According to Mike Noble, a former Republican consultant who is now polling for nonpartisan clients in Arizona, Biden’s numbers have eroded similarly since he was disillusioned by the messy exit from Afghanistan in the summer last year. In Noble’s words, “We haven’t seen him recover ever since that first domino in Afghanistan,”
It raises two fundamental questions: what happened in Biden’s past, and what is going on now? Question one: Will Trump’s approval rating rises faster in states he won than in states he lost because of more voters’ prior good impressions of him?
When it comes to recovering in places where you’ve been elected and liked, Democratic pollster Lake thinks it’s “much” simpler. “it is very, very hard in the first off-year election to create something from scratch.” in states where a president lost, she said.
It’s easier for voters to be swayed by changes in circumstances, such as Biden’s leadership in coordinating the Western reaction to Russia’s invasion of Ukraine, in states where he won, she says. As far as I know, “‘Where were you?’ is a simpler question for voters to ask. ‘This is the Biden for whom I cast my ballot, this is the Biden for whom I was searching.'”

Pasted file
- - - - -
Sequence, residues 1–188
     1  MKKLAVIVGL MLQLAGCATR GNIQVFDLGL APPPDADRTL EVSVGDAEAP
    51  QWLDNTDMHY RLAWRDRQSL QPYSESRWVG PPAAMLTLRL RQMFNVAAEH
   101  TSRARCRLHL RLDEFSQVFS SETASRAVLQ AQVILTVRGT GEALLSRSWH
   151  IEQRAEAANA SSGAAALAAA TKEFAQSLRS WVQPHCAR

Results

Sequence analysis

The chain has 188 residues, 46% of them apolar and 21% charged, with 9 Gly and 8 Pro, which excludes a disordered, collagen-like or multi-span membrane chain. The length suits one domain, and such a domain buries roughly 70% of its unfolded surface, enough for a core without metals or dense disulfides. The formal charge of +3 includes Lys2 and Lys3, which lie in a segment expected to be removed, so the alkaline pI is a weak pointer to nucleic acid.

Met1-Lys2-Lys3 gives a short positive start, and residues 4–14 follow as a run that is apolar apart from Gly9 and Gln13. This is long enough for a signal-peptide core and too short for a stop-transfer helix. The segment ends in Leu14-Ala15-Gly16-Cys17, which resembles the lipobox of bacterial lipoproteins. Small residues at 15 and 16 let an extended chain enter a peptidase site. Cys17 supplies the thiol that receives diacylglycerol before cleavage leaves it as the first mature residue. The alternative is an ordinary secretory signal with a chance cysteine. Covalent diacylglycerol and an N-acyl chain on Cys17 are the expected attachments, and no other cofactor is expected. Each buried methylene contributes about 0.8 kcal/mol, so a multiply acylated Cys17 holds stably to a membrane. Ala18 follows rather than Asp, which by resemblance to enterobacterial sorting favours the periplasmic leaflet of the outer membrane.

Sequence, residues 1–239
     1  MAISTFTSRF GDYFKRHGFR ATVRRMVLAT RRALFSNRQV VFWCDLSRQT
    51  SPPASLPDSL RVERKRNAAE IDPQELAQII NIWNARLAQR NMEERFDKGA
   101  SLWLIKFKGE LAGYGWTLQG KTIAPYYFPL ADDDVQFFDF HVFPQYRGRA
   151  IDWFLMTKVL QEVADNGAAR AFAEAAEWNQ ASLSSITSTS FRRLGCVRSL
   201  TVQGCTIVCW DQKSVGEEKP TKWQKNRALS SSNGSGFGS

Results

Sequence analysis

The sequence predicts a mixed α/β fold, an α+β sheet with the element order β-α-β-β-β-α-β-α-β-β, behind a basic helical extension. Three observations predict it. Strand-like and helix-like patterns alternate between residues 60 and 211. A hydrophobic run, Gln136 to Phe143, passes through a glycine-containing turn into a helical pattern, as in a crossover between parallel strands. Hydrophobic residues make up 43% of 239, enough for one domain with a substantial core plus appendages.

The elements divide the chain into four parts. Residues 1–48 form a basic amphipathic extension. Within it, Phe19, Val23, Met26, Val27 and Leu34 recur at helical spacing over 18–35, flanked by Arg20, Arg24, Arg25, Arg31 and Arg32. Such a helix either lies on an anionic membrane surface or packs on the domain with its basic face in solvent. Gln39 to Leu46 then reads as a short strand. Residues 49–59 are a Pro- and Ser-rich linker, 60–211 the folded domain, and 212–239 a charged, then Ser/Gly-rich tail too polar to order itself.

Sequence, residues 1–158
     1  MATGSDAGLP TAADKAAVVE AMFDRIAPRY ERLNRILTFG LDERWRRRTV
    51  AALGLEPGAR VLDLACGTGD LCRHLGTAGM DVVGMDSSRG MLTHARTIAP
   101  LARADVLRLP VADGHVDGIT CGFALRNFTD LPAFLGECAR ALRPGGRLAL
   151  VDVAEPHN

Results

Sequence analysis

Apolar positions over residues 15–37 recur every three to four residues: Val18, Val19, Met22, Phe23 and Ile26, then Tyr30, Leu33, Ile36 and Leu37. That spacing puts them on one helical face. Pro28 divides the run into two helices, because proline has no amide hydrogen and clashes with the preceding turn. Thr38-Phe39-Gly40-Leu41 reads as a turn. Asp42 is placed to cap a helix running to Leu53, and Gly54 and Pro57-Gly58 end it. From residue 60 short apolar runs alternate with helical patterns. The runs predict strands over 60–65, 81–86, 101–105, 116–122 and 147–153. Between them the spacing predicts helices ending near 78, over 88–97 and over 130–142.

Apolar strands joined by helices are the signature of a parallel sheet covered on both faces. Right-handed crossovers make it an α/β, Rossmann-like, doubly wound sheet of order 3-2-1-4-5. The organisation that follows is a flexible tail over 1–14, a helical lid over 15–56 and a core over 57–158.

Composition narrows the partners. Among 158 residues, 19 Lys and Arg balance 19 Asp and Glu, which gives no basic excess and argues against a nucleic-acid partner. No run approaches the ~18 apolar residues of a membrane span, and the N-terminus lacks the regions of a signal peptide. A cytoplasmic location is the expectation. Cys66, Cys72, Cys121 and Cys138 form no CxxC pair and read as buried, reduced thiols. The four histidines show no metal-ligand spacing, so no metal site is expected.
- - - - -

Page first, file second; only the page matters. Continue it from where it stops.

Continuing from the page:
As seen above, Biden’s approval rating has fallen in both states he won and those he lost.
While Republican pollster Whit Ayres believes “It’s worse in the states that he lost because they are predisposed to think negatively of him, but you don’t have the kind of collapse he’s had … without it being across the board,”
Nevertheless, public opinion polls show that displeasure with Biden may not be as strong and therefore as immovable in states where he won. This dynamic is well-captured in the most recent Franklin & Marshall College poll conducted in Pennsylvania. 30% of those surveyed said that Biden’s performance was outstanding or good, while 51% said it was terrible. In contrast, 18% of those polled said his performance was simply “fair.”
More than four out of five people gave Biden an “equivocal” “fair” rating, voted for him in 2020, according to the director of the college’s Center for Opinion Research.
The President may give Democrats a significant lift in Pennsylvania if he can convince those former voters who were uncertain about him to change their minds and vote Democratic in November. Nearly all of those who gave him outstanding or high scores in the poll indicated they planned to do so.
Yost predicted that he would fail to win over Trump supporters. As a candidate, he is certain that he can attract moderate and independent voters back to his side by appealing to his core supporters.
When it comes to swing voters like those in Pennsylvania, Ayres doubts that Biden will be able to win back too many of them.
His reputation for foreign policy expertise may have been a mirage, says Ayres, who believes that he won over many independents because of his promise to serve as a centrist and competent president.